As we watch the video of a United passenger bloodied and being dragged off the plane, we are horrified. Reading the Wells Fargo Board’s scathing report about the Bank’s massive fraud, I am horrified all over again by the scale and pervasiveness of the misbehavior.
In both cases, we see a culture where employees are driven to make bad—and even illegal—decisions, based on fear and a lack of empowerment to respond to customers’ interests. Rigid operational frameworks, where financial metrics override the values of honesty and common decency, appear to dominate both cultures. As the owner of a PR firm, I can tell you the problem in both cases is much deeper than PR or “damage control” alone can solve.
My first brush with the disempowered branch personnel at Wells Fargo occurred when I moved to the Bay Area from Kansas City and attempted to open a checking account. I was informed that my checks would take many, many weeks to clear….is Kansas not part of the United States? When I asked to speak to the manager, hinting that I could potentially bring more assets to the bank, I was told the manager could not help me because “a computer made all the decisions and could not be overridden.” Enough, I am a happy customer of another bank, which has the slogan “It’s a privilege to serve you.” And they actually behave that way.
Where to start with United and its corporate culture? Personally I equate the United flight experience with what prison must be like, with flight attendants as the sadistic guards at a correctional facility. “Do not congregate in the aisle, do not use your devices, do not, do not, and return to your seat now!” Recently when I attempted to obtain a glass of wine on a United flight, the sullen attendant informed me that it was “awful” and begged me not to blame him for the poor quality of the beverages available. When I requested a blanket on a different United flight, the attendant told me that “they don’t give us enough anymore, so bring your own next time.” These workers are disempowered and obviously miserable in their jobs. Maybe because many lost their pensions? Fortunately other airlines are adding more nonstops to the East coast.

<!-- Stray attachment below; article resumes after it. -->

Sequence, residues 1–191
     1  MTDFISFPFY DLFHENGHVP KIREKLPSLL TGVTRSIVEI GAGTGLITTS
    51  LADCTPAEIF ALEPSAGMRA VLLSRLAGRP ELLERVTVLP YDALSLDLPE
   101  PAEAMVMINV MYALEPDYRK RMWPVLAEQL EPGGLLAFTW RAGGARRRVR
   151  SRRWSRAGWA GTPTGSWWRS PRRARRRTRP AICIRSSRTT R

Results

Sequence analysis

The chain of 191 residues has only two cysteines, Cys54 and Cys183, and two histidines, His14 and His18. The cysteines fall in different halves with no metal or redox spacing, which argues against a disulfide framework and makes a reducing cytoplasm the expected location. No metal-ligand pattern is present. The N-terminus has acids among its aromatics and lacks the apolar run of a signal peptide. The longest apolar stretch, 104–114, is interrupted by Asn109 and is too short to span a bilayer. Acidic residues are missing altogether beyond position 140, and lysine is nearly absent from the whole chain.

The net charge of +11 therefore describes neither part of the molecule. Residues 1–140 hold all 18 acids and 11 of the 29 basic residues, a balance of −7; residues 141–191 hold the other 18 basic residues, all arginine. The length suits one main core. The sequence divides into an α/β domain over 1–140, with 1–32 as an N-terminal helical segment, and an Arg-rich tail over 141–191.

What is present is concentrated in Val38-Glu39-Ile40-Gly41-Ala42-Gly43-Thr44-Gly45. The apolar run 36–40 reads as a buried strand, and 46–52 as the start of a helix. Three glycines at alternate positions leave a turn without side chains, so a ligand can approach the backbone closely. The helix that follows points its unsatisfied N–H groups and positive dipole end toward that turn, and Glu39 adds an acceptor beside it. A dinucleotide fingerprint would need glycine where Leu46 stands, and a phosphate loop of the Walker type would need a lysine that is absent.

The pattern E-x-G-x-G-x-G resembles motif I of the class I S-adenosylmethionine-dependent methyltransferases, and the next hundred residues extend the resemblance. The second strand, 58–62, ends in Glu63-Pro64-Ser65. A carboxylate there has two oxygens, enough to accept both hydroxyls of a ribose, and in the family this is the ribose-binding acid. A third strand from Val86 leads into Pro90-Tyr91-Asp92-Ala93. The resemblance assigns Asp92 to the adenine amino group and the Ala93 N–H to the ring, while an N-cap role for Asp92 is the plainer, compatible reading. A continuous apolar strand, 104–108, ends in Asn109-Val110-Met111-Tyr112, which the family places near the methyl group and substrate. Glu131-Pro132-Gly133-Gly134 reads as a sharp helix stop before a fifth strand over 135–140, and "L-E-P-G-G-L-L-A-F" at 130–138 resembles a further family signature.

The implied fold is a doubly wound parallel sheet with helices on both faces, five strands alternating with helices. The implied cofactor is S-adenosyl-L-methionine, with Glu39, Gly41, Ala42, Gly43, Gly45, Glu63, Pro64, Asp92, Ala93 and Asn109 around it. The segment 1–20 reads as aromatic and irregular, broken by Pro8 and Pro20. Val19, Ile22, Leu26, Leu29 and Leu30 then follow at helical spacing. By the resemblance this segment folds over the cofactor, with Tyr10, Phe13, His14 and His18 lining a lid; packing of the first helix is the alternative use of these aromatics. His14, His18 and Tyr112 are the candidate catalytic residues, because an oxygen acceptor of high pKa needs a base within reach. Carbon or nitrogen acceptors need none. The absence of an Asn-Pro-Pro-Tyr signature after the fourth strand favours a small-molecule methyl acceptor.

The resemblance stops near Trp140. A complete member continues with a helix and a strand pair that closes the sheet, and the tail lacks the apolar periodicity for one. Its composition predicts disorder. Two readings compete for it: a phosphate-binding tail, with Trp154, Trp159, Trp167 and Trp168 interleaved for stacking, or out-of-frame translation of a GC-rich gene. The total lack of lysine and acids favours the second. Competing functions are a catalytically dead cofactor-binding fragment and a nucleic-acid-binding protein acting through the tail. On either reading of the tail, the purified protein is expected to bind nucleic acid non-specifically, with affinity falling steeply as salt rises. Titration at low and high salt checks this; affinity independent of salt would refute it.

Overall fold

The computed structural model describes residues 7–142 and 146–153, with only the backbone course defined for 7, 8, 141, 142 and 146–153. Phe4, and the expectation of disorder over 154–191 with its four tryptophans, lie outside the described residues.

What is the lesson from these sad stories? There are many lessons, but a big one is: culture matters. Companies can build a culture that balances humane values with adherence to financial metrics and operational protocols. Let’s hope both of these companies learn to incorporate fundamental human values like respect for their customers, respect for the law and respect for their own employees into their corporate culture. Maybe employees who are empowered to exercise their brains and common sense will make better decisions than their leaders have.
By Patricia Harden, President